Human rights-centric practices essential for foreign investment, says UN

KUALA LUMPUR: The United Nations (UN) said efforts to attract foreign investment into the country will be jeopardised if business practices are not human rights-oriented.

Its High Commissioner for Human Rights, Volker Turk, said the issues of business and human rights were among the matters discussed during the meeting held with Prime Minister Datuk Seri Anwar Ibrahim.

"Business and human rights issues were part of our discussions because we know that when it comes to business practices.

"And if is not human rights-oriented, it will harm the future. Businesses and human rights (must) come together," he told reporters on Tuesday.

He said this in response to a question on if the exploitation of migrant workers will hurt Malaysia's efforts to attract foreign investment.

Turk is undertaking a working visit to Malaysia as part of the country's continued engagement and collaboration with the UN to raise human rights awareness and strengthen literacy for the enjoyment of human rights by fellow Malaysians.

Previously, the UN has raised alarm over the plight of Bangladeshi migrants in Malaysia, who had travelled with hopes of employment after engaging in the official labour migration process.

UN also said the situation of Bangladeshi migrants who lived in Malaysia for several months or longer was unsustainable and undignified.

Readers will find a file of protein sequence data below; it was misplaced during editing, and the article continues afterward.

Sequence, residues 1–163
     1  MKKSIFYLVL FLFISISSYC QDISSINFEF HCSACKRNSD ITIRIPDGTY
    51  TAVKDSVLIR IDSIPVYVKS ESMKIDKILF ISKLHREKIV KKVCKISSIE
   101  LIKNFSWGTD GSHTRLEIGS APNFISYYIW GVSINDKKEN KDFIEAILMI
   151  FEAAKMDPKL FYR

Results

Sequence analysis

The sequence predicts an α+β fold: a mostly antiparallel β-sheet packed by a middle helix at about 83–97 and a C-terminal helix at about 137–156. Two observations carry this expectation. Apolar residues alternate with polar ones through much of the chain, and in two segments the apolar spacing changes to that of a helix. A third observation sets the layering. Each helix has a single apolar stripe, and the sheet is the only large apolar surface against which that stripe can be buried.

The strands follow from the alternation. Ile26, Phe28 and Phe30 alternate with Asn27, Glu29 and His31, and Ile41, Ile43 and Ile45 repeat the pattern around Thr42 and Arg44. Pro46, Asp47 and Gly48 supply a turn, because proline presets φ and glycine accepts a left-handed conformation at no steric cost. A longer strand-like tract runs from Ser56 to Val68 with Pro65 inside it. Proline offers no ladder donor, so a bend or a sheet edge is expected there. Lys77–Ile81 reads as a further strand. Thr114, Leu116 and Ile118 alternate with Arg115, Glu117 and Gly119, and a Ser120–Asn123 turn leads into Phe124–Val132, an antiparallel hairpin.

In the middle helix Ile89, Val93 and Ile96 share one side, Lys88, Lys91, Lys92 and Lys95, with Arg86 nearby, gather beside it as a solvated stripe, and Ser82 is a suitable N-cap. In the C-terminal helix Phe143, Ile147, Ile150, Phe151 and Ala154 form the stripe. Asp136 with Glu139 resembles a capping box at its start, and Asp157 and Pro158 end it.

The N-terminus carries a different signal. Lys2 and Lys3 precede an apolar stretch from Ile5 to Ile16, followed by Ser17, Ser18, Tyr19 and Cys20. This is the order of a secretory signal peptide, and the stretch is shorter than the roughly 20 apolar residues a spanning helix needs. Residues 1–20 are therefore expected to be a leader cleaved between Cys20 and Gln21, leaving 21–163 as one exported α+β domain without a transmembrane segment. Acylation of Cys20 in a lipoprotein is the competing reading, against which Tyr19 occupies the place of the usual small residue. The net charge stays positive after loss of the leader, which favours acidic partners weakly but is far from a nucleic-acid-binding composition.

Meanwhile, Turk also said based on his observation, Malaysia is now more open to discussing issues pertaining to migrant exploitation compared to 20 years ago.

Although the issue of human rights was never a comfortable topic, Turk stressed that it has always been of societal interest and must be further advocated.

"I think it is really important to put the issues of migrant workers on the table to be able to discuss them, (and) to be able to say let's have another look at the migratory framework.

"I think a much more comprehensive view is needed because sometimes the issue is only being dealt with by one ministry or another, but what you actually need is a comprehensive look at the whole migration system from the perspective of human rights because that goes into issues of labour standards, exploitation, and accountability when harm is done, or was done.

"(And) I think the fact that Malaysia is aware that there are issues and wants to tackle these issues is good for them.

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